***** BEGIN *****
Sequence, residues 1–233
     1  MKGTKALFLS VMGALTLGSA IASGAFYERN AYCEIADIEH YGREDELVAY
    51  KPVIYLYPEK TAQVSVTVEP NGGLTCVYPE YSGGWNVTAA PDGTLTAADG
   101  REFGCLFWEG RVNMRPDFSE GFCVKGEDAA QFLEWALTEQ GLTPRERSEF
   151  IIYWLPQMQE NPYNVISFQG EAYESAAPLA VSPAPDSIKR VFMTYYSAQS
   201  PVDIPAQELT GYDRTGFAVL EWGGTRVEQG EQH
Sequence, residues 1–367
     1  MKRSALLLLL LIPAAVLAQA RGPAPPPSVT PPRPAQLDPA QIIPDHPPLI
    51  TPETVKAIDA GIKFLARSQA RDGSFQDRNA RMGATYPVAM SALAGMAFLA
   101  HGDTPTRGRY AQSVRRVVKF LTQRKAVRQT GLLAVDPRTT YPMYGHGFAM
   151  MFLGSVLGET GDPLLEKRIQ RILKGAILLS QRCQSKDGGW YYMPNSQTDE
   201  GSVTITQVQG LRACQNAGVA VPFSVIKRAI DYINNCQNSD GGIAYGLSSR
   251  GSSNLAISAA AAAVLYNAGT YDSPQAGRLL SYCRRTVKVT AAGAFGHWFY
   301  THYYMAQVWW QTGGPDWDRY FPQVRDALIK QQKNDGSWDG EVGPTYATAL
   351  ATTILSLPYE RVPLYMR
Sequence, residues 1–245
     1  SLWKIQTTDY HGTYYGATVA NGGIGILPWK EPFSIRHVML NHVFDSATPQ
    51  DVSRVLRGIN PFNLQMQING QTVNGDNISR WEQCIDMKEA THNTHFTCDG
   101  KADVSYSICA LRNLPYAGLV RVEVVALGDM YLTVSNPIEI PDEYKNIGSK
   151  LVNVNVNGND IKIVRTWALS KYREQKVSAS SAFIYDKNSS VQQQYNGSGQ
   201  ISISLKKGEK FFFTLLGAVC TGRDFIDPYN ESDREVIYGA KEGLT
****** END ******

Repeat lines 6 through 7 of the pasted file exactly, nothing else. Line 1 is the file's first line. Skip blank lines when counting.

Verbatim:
   201  PVDIPAQELT GYDRTGFAVL EWGGTRVEQG EQH
Sequence, residues 1–367